[lxc-users] Container scaling - LXD 2.0
umberto.nicoletti at gmail.com
Mon May 9 17:42:05 UTC 2016
On Mon, May 9, 2016 at 6:50 PM, Fajar A. Nugraha <list at fajar.net> wrote:
> On Mon, May 9, 2016 at 11:49 PM, Ron Kelley <rkelleyrtp at gmail.com> wrote:
> > Thanks Fajar,
> > Appreciate the pointers. We have already setup MariaDB with the
> small-instance tuning as well as setup php-fpm using the on-demand option
> as well. The big issue now is RAM.
> > A brief background:
> > ---------------------
> > A few years back, one of our customers asked us to host a small website
> for them. As word got out, we starting hosting a few more. Fast forward a
> few years and we are now hosting > 1300 sites. We are currently running
> monolithic VMs (2vCPUs 2G RAM) that host about 60-70 sites each, and we are
> looking to move away from these huge VMs to something more scalable and
> secure like LXC. The downside to this approach is the extra RAM overhead
> since each container will run its own copy of nginx/php-fpm/mariadb (for
> ease of portability).
> Separate mysql for each site would always require more RAM compared to
> a shared setup. If your goal is to be as resource-efficient as a
> shared hosting setup, then AFAIK there's simply no way to achieve
> that. There's always a tradeoff.
> > After doing some research, it seems KSM is enabled in the Ubuntu 16
> kernel but is disabled by default. I will be running some tests over the
> next few days to see if KSM can provide any benefit.
> Not only disabled by default, but you won't be able to save any memory
> from a "normal" (i.e. non-KVM) app.
> Not unless you also use ksm_preload
FYI: Centos ships with ksmd enabled by default on the Virtualization Host
I just checked one KVM server: out of ~ 34GB RAM used by 9 VMs KSM reports
a saving of ~ 80MB
Nothing to write home IMHO.
> > As for the 5G RAM question; our proposed model is to run a large VM
> instance (5-8G RAM, 4-6vCPUs) to host the same (or more) sites via LXC
> containers. We are looking to protect each site from another as well as
> provide more fine-tuned system resources per site (limit RAM/CPU per
> site). This is our main driver behind LXC.
> Here's some other scenarios you can look at, as alternatives:
> - use a big-enoug dedicated server (or a big enough VM, if you're a
> fan of EC2 and friends). There are 4-core servers with 64GB RAM and
> 2x500GB SSDs available for less than $100 / mo, if you want to go the
> low-cost route. Use NO swap (so you could at least ellminate THAT from
> possible IO hogs), and simply use lxd to serve several hundred
> containers on each server. Let each container use whichever core
> available (you'd most likely want to limit each container to use 1
> core at most). Use zfs as lxd storage, and setup automatic
> snapshot+send/receive for remote backup (this one is mostly zfs, not
> really lxd-specific).
> - similar to the above, but group the containers into several groups.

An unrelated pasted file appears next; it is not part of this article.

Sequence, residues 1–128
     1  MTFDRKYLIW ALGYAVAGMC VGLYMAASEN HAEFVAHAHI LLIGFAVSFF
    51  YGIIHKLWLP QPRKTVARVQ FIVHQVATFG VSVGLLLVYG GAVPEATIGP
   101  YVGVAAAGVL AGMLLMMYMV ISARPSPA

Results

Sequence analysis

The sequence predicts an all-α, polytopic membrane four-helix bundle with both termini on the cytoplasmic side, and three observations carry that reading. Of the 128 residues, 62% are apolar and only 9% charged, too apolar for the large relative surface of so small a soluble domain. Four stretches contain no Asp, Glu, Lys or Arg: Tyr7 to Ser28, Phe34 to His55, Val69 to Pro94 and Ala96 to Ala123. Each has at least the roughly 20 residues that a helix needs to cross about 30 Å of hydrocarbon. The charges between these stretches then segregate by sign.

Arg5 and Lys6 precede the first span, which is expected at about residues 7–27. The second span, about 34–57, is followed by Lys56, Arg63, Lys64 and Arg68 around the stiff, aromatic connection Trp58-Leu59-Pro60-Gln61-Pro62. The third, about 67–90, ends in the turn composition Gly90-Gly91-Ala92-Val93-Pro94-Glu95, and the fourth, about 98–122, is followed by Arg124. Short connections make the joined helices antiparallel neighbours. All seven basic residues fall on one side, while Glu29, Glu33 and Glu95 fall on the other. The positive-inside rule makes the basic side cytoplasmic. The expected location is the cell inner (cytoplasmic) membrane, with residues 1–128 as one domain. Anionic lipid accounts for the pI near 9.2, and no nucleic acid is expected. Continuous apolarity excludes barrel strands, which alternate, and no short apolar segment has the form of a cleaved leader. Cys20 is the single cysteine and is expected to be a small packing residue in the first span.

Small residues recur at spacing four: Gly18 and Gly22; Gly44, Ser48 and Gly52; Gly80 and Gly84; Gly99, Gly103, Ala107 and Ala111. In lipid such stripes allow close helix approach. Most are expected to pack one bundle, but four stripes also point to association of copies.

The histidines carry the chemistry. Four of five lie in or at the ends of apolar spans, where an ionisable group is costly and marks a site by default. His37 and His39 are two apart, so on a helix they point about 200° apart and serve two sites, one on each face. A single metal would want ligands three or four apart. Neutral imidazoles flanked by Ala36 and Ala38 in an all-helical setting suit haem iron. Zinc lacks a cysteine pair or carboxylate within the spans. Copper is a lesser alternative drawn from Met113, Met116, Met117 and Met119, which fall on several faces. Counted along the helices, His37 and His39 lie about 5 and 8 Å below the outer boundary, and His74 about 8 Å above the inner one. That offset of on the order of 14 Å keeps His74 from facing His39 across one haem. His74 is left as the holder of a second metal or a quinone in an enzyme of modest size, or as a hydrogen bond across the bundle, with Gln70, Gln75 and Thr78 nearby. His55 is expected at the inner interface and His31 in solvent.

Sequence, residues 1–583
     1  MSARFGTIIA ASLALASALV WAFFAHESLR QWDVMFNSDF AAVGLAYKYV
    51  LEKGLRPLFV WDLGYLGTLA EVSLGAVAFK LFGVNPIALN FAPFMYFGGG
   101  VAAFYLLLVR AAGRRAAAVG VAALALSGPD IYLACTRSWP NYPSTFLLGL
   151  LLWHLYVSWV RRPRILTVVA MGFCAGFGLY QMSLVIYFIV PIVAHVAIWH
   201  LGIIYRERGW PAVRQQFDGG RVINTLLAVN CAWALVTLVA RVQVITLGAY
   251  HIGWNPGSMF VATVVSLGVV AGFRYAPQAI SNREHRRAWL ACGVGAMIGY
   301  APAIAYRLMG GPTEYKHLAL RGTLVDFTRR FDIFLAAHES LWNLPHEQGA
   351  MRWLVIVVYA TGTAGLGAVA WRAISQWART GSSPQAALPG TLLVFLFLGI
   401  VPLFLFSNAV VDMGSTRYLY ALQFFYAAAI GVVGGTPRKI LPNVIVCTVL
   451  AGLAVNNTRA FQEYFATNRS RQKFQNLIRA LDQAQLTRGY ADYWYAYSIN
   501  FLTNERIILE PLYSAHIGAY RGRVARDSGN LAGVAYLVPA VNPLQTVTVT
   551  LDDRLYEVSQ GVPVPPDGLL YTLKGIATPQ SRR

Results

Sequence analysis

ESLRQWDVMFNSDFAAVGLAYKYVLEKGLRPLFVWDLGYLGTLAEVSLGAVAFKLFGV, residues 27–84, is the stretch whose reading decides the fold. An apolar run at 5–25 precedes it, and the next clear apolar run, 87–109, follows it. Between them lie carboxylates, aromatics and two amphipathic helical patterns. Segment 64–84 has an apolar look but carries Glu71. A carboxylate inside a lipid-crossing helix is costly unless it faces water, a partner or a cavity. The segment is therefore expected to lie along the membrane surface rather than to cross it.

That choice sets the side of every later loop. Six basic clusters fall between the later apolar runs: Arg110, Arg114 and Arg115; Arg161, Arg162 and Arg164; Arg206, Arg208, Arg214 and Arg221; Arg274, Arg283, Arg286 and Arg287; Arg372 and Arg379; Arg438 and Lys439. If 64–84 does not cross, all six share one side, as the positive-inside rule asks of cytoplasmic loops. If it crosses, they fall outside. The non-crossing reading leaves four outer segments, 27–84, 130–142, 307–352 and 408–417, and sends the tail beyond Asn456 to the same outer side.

> Create a big-enough container for each group, and then use each of
> them as nested lxd (e.g.
> https://insights.ubuntu.com/2016/04/15/lxd-2-0-lxd-in-lxd-812/). That
> way you can group "small and rarely-accessed-sites" together (in the
> same first-level container) and give them large-enough resource pool
> (including being able to use all available cores), and isolate the
> small-number-of-"abusive"-sites on another first-level-container (on
> its own specicif core) so they don't mess your other sites.
> Those two setup should be more efficient than lxd-on-vms, and you
> might not even need KSM anymore.
> > Thanks again for the info.
> > -Ron
> > On 5/9/2016 12:48 AM, Fajar A. Nugraha wrote:
> >> On Mon, May 9, 2016 at 7:18 AM, Ronald Kelley <rkelleyrtp at gmail.com>
> >>> Greetings all,
> >>> I am trying to get some data points on how many containers we can run
> on a single host if all the containers run the same applications (eg:
> Wordpress w/nginx, php-fpm, mysql). We have a number of LXD 2.0 servers
> running on Ubuntu 16.04 - each server has 5G RAM, 20G Swap, and 4 CPUs.
> >> When you use lxd you can already "overprovision" (as in, the sum of
> >> "limits.memory" on all running containers can be MUCH greater than
> >> total memory you have). See
> >> for example.
> >> I can say that swapping will -- most of the time -- kill performance.
> >> Big time. Often to the point that it'd be hard to even ssh into the
> >> server to "fix" things. Which is why most of my servers are now
> >> swapless. YMMV though.
> >> Do some experiments, monitor your swap activity (e.g. use "vmstat" to
> >> monitor swap in and swap out), and determine whether swap actually
> >> helps you, or cause more harm than good.
> >> Also, what's the story with the 5G RAM? Even my NUCs has 32GB RAM
> >>> I have read about Kernel Samepage Memory (KSM), and it seems to be
> included in the Ubuntu 16.40 kernel. So, in theory, we can over provision
> our containers by using KSM.
> >>> Any pointers?
> >> I'd actually suggest "try other methods first". For example:
> >> - you can easily save some memory from php-fpm by using "pm =
> >> ondemand" and a small number in "pm.max_children" (e.g. 2).
> >> - use shared mysql instace when possible. If not, use smaller memory
> >> settings, e.g.
> >> This entry from openvz should be relevant if you still want to use KSM
> >> for generic applications running inside a container:
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